Melissa Cheyney and the Midwives Alliance of North America finally acknowledge their hideous death rates

Grieving family with an infant's coffin --- Image by © Leah Warkentin/Design Pics/Corbis

I told you so!

I’ve been writing about homebirth for more than a decade. For most of that time, the Midwives Alliance of North America (MANA) and Melissa Cheyney, the Director of Research for MANA have insisted that their data show that homebirth is safe.

[pullquote align=”right” cite=”” link=”” color=”” class=”” size=””]In every category — with risks or without — homebirth increases the risk of fetal/neonatal death substantially and often enormously.[/pullquote]

In the meantime, the publicly available data on CDC Wonder has made it possible for me to demonstrate that homebirth deaths rates have been 3-7X higher than comparable risk hospital birth. Amos Grunebaum, MD and colleagues have published several papers using the same data and confirming my analysis. The most comprehensive analysis of homebirth death rates was performed by Judith Rooks, CNM MPH for the state of Oregon. Rooks found that homebirth midwives had a perinatal death rate 800% higher than comparable risk hospital birth!

Now, MANA and Cheyney have finally relented and published their own data that shows that PLANNED birth at home or in a birth center (generally just a rented home without special equipment) in the US has death rates EVEN WORSE than we imagined.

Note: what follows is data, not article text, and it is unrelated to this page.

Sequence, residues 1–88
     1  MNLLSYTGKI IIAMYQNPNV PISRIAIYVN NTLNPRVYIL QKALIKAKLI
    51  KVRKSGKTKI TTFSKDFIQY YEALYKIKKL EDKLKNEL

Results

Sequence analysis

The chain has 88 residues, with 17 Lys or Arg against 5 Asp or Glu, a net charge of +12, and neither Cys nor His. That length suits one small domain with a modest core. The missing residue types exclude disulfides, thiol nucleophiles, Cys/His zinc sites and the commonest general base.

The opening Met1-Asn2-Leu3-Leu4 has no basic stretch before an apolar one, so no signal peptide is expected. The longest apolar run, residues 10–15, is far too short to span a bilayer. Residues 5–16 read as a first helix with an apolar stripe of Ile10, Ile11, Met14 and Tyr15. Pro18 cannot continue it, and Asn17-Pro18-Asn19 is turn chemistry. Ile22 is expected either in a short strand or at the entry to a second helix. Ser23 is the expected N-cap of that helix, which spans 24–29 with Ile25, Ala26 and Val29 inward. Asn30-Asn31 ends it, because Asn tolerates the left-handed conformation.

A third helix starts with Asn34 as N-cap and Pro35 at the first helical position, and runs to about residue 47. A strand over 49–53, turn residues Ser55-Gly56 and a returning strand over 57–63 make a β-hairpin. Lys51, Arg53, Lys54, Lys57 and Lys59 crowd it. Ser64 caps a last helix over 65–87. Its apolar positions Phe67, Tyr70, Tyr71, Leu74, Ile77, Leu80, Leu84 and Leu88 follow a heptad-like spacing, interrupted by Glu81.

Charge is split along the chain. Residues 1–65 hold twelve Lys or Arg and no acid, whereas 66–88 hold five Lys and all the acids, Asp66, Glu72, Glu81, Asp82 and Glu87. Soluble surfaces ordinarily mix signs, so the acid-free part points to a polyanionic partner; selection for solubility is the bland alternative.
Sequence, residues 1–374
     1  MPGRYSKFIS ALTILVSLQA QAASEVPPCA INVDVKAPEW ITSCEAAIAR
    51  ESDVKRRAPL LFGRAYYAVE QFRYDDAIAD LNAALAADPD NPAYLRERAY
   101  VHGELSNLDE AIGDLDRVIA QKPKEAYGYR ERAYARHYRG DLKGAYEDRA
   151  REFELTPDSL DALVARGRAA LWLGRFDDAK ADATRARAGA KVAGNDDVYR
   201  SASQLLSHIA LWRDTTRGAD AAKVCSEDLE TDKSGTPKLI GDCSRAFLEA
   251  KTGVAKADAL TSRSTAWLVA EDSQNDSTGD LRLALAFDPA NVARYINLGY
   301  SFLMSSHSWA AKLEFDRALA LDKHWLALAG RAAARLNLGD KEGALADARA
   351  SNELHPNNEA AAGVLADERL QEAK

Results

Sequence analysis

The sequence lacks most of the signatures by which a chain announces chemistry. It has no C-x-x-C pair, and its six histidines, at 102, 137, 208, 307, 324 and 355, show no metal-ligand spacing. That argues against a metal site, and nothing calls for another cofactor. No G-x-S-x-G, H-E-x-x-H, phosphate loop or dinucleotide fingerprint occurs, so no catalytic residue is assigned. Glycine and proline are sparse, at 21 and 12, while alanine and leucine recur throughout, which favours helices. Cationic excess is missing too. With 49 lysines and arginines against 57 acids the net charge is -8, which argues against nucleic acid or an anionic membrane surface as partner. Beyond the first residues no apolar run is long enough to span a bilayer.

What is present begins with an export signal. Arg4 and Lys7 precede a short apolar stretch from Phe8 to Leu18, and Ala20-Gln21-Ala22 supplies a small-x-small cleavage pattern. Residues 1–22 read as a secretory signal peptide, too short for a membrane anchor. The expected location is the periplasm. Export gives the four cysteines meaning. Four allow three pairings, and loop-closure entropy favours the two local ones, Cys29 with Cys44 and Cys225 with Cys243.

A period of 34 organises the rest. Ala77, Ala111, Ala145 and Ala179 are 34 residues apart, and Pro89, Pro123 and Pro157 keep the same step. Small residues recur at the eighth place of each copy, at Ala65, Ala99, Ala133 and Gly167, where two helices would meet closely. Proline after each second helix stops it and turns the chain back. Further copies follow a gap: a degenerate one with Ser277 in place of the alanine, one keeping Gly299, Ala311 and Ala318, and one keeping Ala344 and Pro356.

The new paper is Perspectives on risk: Assessment of risk profiles and outcomes among women planning community birth in the United States to be published in Birth: Issues in Perinatal Care, the journal owned by Lamaze International.

The authors used the data generated by their own members:

Data on n=47 394 midwife-attended, planned community births come from the Midwives Alliance of North America Statistics Project. Logistic regression quantified the independent contribution of 10 risk factors to maternal and neonatal outcomes. Risk factors included: primiparity, advanced maternal age, obesity, gesta- tional diabetes, preeclampsia, postterm pregnancy, twins, breech presentation, his- tory of cesarean and vaginal birth, and history of cesarean without history of vaginal birth. Models controlled additionally for Medicaid, race/ethnicity, and education.

Ostensibly, the authors were attempting to determine appropriate criteria for allowing or risking out homebirths and birth center births.

They found:

The independent contributions of maternal age and obesity were quite modest, with adjusted odds ratios (AOR) less than 2.0 for all outcomes: hospital transfer, cesarean, perineal trauma, postpartum hemorrhage, low/very-low Apgar, maternal or neonatal hospitalization, NICU admission, and fetal/neonatal death. Breech was strongly associated with morbidity and fetal/neonatal mortality (AOR 8.2, 95% CI, 3.7-18.4). Women with a history of both cesarean and vaginal birth fared better than primiparas across all outcomes; however, women with a history of cesarean but no prior vaginal births had poor outcomes, most notably fetal/neonatal demise (AOR 10.4, 95% CI, 4.8-22.6).